The Being Without Whom You Are Not Real
Bob replied that "It seems that the granite block doesn’t really have being -- or real being -- in the absence of the subject for whom it is real, otherwise it’s just a pattern of atomic activity with no necessary boundaries between it and everything else. Which leads to the question: who/what/where is the being without which I am not real?"
My point was that a material object only really exists for a subject, existence being synonymous with "definition," or "boundaries." In other words, something cannot exist unless it is in some way separate and distinct from everything else. But only a subject can define, bound, and delineate. Again, until there is a subject, there is only a vast sea of quantum energy.
For example, try to imagine what the cosmos "looked like" prior to a living being seeing it. Obviously, it didn't look like anything. It's a purely meaningless exercise, because sight is a property of eyes and brains. Not only that, but everything depends upon perspective, and there were no perspectives prior to the emergence of life. There was only "everything at once" from "all possible perspectives," which is indistinct from nothing at all from no perspective (again since existence requires definition and boundaries).
But today we have a radically different sort of cosmos than we had 4 billion years ago, prior to the appearance of life. Now, instead of no subjects and no perspectives, we have billions upon billions of them -- every human, every animal, every insect -- each one is a window on existence with a different view. As Balthasar notes, it may be possible to know what another person knows, but it seems fundamentally impossible to know as he knows it, that is, "with the same subjectivity and by illumination of the same light."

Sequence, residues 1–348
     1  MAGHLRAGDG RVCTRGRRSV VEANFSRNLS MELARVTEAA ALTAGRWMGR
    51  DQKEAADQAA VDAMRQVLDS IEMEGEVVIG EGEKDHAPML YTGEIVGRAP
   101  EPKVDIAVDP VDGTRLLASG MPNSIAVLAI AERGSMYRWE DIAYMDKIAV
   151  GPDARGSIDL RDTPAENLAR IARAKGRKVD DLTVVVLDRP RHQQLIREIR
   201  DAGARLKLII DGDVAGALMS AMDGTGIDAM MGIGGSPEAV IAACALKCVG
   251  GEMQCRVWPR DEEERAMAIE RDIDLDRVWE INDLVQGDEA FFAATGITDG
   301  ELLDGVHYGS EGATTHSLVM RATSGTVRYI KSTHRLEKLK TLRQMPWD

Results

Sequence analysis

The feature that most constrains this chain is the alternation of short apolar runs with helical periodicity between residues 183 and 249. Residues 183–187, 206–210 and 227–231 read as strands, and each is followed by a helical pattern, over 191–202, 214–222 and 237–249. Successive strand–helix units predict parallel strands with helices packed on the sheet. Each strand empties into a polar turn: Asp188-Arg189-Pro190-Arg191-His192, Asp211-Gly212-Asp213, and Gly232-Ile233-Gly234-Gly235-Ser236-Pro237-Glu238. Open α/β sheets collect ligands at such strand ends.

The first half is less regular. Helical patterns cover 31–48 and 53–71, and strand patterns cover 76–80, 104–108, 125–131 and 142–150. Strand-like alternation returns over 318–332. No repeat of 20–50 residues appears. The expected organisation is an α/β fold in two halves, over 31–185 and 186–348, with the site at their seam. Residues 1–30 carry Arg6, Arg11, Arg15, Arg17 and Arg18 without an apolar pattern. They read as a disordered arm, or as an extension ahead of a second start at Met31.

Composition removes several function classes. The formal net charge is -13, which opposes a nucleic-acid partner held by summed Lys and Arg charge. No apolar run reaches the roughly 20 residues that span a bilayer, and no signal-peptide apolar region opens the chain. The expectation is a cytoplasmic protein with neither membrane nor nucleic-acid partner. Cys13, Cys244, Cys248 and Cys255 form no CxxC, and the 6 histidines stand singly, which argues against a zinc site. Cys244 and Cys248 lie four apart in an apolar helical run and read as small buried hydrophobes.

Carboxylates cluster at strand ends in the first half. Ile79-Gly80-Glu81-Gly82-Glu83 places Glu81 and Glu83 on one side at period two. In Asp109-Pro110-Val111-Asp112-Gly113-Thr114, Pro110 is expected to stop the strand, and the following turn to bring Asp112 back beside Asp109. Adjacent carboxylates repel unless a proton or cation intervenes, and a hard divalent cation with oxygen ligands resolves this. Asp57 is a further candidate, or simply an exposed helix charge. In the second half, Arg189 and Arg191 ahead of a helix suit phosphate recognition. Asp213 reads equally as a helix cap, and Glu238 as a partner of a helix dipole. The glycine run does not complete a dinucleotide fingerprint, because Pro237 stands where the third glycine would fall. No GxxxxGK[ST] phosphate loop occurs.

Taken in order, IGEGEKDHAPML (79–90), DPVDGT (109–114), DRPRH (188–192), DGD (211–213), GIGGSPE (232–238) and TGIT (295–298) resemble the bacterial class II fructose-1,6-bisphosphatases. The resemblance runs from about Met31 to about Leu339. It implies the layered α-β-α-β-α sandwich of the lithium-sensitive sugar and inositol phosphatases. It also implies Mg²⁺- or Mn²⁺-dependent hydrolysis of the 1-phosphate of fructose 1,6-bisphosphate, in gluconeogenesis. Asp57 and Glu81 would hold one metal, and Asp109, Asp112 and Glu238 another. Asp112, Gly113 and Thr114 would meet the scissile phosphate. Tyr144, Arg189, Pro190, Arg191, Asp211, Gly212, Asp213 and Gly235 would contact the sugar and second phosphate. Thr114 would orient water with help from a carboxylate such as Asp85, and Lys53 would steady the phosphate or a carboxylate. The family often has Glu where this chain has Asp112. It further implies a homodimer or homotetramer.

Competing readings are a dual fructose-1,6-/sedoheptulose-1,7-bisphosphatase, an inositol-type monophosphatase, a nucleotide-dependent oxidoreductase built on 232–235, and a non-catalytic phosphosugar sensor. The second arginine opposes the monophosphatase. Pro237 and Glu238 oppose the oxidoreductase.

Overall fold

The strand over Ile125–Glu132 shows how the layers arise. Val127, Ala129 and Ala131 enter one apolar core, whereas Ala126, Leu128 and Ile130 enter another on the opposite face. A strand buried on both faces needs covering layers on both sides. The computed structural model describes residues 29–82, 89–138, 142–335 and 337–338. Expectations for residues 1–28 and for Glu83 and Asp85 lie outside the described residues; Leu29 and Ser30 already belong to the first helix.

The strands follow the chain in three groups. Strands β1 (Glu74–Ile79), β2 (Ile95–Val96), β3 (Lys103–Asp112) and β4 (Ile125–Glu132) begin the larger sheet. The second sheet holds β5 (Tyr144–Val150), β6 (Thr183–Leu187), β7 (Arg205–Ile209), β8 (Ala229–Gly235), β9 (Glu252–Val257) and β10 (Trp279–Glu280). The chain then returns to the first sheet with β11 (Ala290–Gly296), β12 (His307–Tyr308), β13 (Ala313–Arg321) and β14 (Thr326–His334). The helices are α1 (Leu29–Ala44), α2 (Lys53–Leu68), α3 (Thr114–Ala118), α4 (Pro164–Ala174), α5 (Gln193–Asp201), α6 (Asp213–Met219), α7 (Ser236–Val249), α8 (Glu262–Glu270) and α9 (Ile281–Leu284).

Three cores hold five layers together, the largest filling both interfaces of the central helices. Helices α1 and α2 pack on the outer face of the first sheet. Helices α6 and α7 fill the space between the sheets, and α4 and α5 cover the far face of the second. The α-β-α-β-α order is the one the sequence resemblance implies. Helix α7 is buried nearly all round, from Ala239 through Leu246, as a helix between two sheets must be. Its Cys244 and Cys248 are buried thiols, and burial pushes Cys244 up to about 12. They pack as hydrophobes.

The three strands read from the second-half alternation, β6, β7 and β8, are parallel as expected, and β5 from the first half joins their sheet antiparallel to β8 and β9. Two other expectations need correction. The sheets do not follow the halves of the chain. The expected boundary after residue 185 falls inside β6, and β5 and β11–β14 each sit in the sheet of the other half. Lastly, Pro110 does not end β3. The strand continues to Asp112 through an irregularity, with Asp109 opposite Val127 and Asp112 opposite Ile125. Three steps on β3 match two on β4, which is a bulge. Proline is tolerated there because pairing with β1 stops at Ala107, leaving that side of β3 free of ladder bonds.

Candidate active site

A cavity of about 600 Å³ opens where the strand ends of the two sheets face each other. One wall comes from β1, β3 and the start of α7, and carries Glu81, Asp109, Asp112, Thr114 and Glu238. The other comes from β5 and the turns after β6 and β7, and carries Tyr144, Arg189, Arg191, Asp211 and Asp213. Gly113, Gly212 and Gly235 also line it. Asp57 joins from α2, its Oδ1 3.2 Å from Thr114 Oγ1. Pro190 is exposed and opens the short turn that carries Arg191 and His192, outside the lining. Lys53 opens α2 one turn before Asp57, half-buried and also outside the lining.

To cite one mundane example, patients seemingly never remember what you think they will, but almost always pick up on some small point that you didn't consider important. Actually, the same thing happens with the blogging. Different people focus on entirely different points, often to the exclusion of what I considered the important one. Truly, it is a wonder that human beings can share so much truth and have so much common reality.
But what is the source of this commonality? It cannot be situated in the lower -- in multiplicity and outwardness. Rather, unity, if it is to be unity at all, must be inward and upward, toward a shared third, which is shared in intimacy -- similar to the way mother and father are brought closer together by the incredible intimacy they share with the baby, the generative "familial third" who reveals the purpose of their union. (And it doesn't have to be a baby, but the couple must surely share a common third which they mutually love, or else the relationship descends into narcissism and other problems.)